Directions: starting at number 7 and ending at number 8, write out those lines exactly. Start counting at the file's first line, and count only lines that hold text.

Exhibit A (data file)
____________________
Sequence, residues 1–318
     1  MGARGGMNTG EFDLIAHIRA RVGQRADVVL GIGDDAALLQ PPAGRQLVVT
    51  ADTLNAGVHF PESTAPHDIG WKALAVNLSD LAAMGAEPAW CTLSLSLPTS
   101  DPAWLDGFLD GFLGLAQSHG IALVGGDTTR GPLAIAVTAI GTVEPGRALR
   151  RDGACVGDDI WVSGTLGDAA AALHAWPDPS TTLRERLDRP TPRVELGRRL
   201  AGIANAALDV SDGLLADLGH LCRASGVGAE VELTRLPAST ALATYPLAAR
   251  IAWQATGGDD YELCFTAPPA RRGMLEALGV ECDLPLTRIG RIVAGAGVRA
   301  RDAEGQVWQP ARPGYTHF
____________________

   251  IAWQATGGDD YELCFTAPPA RRGMLEALGV ECDLPLTRIG RIVAGAGVRA
   301  RDAEGQVWQP ARPGYTHF